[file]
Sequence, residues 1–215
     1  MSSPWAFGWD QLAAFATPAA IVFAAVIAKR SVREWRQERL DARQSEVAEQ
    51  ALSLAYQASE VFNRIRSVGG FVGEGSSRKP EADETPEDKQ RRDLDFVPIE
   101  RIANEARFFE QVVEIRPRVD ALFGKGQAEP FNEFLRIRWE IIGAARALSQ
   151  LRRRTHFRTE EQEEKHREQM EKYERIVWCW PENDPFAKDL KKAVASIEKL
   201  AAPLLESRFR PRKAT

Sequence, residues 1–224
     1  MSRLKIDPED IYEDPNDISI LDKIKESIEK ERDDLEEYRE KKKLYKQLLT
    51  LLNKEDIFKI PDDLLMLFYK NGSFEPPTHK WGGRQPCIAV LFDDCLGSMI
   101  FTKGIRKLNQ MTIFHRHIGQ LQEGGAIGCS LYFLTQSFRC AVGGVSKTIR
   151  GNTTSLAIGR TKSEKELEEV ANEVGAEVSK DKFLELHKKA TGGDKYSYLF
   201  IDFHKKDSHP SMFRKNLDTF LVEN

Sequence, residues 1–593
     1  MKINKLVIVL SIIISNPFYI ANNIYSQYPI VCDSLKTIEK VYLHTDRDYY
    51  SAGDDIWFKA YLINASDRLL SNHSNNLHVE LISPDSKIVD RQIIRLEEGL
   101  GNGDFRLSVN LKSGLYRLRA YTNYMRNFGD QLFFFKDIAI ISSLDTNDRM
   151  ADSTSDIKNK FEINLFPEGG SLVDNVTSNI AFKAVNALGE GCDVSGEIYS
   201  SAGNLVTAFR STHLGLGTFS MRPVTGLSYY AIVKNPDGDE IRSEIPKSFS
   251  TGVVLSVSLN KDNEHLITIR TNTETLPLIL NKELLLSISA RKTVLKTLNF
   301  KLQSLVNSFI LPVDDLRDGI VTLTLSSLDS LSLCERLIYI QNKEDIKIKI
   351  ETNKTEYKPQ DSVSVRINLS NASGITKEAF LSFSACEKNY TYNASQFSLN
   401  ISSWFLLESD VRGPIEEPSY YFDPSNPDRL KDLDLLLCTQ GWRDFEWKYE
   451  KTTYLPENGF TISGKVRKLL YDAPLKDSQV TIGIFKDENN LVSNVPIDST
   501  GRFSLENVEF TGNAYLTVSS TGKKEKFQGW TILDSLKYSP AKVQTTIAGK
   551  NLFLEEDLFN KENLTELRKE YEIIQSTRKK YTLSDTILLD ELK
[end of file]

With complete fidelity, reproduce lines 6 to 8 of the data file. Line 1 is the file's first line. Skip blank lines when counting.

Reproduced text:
   201  AAPLLESRFR PRKAT

Sequence, residues 1–224
     1  MSRLKIDPED IYEDPNDISI LDKIKESIEK ERDDLEEYRE KKKLYKQLLT